Alejandro Leonhardt at L21 Gallery / Palma de Mallorca

Alejandro Leonhardt / Alguien, Nadie, Cualquiera

text by Àngels Miralda

10 June - 1 September 2021

L21 Gallery

Hermanos García Peñaranda 1A
07010 Palma

It is as though the practices organizing a bustling city were characterized by blindness. The networks of these moving, intersecting writings compose a manifold story that has neither author nor spectator, shaped out of fragments of trajectories and alterations of spaces: in relation to representations, it remains daily and indefinitely other. – Michel de Certeau The Practice of Everyday Life
Urban space is speckled with agglomerations of people and hundreds of anonymous faces. The majority of city blocks remain largely unauthored objects. Moving rhythmically across stoplights, crosswalks, elevated sidewalks, the movement of human rivers traverse gridded urbanist constructions. The centre swarms at rush hour, the busy gridlocked streets simmering with dust and car exhaust as countless people walk by unnoticed walls coated in peeling layers of coloured paint. Sagging under dry summer air, condensing in cold winter air, bleached by relentless sunshine, hit by storms and wind, the paint buckles and peels away - becoming a decayed remnant of an architectural body.

Alejandro Leonhardt’s series titled Junta de Vecinos is a work that has been under development for nearly a decade. The process begins in Santiago’s gridded center - the colonial city structure is recognisable in its logical geometric design repeated in other Latin American capitals.The practice of walking through urban streets searching for fragments of loose paint from the side of forgotten buildings creates an archive of place and memory. Leonhardt has been collecting, cleansing, preparing, categorising, maintaining, and installing paint fragments from this series in ever-changing site-specific installations that reflect the materiality of our everyday environment.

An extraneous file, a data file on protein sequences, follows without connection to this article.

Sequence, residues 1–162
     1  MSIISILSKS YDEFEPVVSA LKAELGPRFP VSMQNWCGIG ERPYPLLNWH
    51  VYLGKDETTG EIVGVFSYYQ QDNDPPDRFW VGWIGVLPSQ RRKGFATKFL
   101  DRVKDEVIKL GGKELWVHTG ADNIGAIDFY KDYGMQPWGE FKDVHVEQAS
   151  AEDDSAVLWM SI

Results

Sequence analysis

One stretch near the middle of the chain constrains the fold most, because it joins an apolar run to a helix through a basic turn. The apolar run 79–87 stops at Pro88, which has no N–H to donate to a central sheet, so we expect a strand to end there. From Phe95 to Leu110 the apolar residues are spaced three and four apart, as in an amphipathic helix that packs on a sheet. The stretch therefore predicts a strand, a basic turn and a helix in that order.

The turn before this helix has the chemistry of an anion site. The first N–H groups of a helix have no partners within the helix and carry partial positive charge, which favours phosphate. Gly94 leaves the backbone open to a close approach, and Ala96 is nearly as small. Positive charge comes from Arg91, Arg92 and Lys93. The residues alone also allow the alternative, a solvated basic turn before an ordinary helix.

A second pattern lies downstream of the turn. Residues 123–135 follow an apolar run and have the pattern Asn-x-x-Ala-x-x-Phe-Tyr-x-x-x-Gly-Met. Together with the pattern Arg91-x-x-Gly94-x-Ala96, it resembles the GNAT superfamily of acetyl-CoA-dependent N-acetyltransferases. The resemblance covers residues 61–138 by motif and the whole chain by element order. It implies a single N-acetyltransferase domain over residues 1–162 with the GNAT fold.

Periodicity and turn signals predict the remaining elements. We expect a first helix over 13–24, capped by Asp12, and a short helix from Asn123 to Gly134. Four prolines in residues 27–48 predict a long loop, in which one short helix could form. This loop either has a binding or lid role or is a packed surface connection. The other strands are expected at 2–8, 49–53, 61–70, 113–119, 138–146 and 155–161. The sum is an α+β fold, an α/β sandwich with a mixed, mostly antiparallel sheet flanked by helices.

The materials originate from walls with flaking paint that are identified and specimens are removed. These are brought back to the studio where the process of cleaning, preserving and preparing commence. Once protected, each fragment of wall is categorized and archived in Leonhardt’s collection through a system of formal characteristics. Out of this expanding archive, individual murals and assemblages take a new form. Each fragment belongs to a new configuration of relations where it is liberated from its building but maintains a geographic and historic symbolism related to its place of origin. Performing new associations, the fragments are de-territorialised. Each new configuration gives new life to the archive and a new possibility of relation.

The shards reference the history of painting such as Swiss minimalist Niele Toroni. Working closely with conceptual and early performance artists Daniel Buren and Olivier Mosset, Toroni became known for his evenly-spaced geometric interventions both on canvas and architecture. His recognizable works are painted strokes of rectangular colour 30cm apart – the exact distance used in Junta de Vecinos 10 and 15. In terms of materiality and collecting, Leonhardt references Brazilian artist Jac Leirner whose use of assemblages rely on an expanding collection of everyday objects. Her installations often use repetition to highlight regularity, mass production, and cultural patterns which point to the sameness of an increasingly homogenous globalised world. Similarly, Leonhardt’s shards of paints become unrecognizable – detached from their architectural body, their likeness becomes more visible and their points of origin cease to define them, existing only in the form of a suggestion.

The title of the exhibition Alguien, Nadie, Cualquiera (Someone, No one, Whoever) is a list of imprecise ways to describe human presence without individuality. It reflects the anonymous togetherness of urban space. It might refer to the private lives of individuals that unfolded behind the sources of each paint fragment, or to the crowds that passed them daily. In our recent context, they may begin to represent the alienation of living blocks in which families have been tightly confined next to their anonymous neighbours. They represent bodies in motion, agglomerations, rallies, or acts of protest – the building of a controlled communal body within notions of urbanism. In this exhibition, hundreds of shards build up the works Junta de Vecinos. Each one is a moment of moving and scraping, cleaning and caring for things that could otherwise become dead remnants. In their relational constellation - meaning emerges, maintenance of the pieces gives them new life and status. Like Michel de Certeau’s The Practice of Everyday Life, Leonhardt’s collection arises from a performed living choreography that represents our symbiosis with an always deteriorating material world.

- Àngels Miralda